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Stick it to Cancer


Stick it to Cancer

Although acupuncture has been used for thousands of years to treat a number of medical ailments, it has only recently crossed over to the Western medical world, including for cancer patients.

Acupuncture may have originated in 100 B.C., but it is only now gaining in popularity as a form of complementary medicine in the Western medical world. That’s likely due to many reasons, from a minimal amount of major scientific research backing its claims to a generalized xenophobia for Traditional Chinese Medicine (TCM). But despite claims against its effectiveness, many cancer patients have turned to the practice as a method of relief from cancer treatment side effects like nausea, pain, hot flashes, and fatigue.

“Acupuncture’s precise mechanism of action has still not been elucidated by science, but it is a virtually risk-free complementary treatment that has much potential to relieve some of the most painful and difficult aspects of cancer treatment,” says Yelena Deshko, N.D., the founder of the Timeless Health Clinic in Toronto and a specialist in integrative oncology. According to a 2009 paper in the journal Hematology/Oncology Clinics of North America, “randomized clinical trials have demonstrated that acupuncture is effective for chemotherapy-induced nausea and vomiting.” As well, “research studies also suggest acupuncture may be helpful in managing cancer-related pain, chemotherapy-related neutropenia, cancer fatigue, and radiation-induced xerostomia.”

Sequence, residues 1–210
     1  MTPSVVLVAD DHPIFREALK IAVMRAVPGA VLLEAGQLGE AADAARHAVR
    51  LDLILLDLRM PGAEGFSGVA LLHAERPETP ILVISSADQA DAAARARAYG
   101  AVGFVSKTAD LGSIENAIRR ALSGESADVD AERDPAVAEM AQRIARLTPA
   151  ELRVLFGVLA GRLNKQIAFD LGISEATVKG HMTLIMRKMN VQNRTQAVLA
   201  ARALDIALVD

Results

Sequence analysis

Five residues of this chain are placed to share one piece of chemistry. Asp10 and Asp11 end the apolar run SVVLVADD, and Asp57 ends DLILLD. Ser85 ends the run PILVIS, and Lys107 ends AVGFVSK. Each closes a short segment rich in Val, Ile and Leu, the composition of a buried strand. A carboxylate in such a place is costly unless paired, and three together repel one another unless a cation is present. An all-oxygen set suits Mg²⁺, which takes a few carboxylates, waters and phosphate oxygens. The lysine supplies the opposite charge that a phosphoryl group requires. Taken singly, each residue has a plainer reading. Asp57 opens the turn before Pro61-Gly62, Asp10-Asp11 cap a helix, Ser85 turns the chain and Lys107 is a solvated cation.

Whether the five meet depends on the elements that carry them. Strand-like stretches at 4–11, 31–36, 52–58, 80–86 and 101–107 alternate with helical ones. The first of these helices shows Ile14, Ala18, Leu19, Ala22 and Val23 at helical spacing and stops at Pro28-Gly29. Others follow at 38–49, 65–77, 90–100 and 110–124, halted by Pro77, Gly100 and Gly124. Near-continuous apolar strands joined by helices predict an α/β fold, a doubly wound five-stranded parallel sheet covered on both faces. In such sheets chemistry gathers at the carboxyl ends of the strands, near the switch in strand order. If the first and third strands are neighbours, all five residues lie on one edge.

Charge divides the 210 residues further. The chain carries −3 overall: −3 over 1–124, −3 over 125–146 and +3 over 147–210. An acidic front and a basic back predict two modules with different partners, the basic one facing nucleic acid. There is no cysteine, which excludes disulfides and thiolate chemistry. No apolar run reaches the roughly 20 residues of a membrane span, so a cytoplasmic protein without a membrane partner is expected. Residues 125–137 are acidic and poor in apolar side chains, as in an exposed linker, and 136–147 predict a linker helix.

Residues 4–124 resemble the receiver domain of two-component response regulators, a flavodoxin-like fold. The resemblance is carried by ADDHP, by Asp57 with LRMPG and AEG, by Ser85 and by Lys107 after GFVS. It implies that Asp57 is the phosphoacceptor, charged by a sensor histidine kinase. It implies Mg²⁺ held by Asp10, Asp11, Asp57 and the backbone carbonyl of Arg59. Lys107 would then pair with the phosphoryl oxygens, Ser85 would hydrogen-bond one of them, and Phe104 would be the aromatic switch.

In recent years, cancer centers across the United States have added integrative acupuncture into their overall cancer care, including the Dana-Farber Cancer Institute in Boston, the Memorial Sloan Kettering Cancer Center in New York, and the M.D. Anderson Cancer Center in Houston. This speaks to its larger overall acceptance. According to the Hematology/Oncology report, “specific use of acupuncture by cancer patients is estimated to range between 1.7% and 31%.”

For those unfamiliar, navigating acupuncture may seem overwhelming, but the practice’s increasing popularity has made this form of complementary medicine more accessible than one may think.


Acupuncturists insert disposable, stainless steel needles into precise acupoints in a patient’s body. The acupoints are chosen based on the concerns a patient has within their body. According to a report from the National Cancer Institute, “the inserted needles may be twirled, moved up and down at different speeds and depths, heated, or charged with a weak electric current.” Common types of methods include auricular acupuncture, electroacupuncture, trigger point, laser, acupressure, and cupping.

Researchers believe acupuncture works through the stimulation and the responses of the neuroendocrine system involving the central and peripheral nervous systems. According to the Hematology/Oncology report, “data from animal research suggests that therapeutic acupuncture is partially mediated through opioidergic and/or monoaminergic neurotransmission involving the brainstem, thalamus, hypothalamic as well as pituitary function.” Additionally, “acupuncture stimulation moderates a wide network of brain regions, including the primary somatosensory, sec-ondary somatosensory, and anterior cingulated, prefrontal, and insular cortices, amygdale, hippocampus, hypothalamus, and other areas.”

For cancer patients, special consideration must be taken when administering acupuncture. Cancer patients are carefully assessed in order to get a holistic sense of what symptoms are part of a larger issue. Hygiene is key.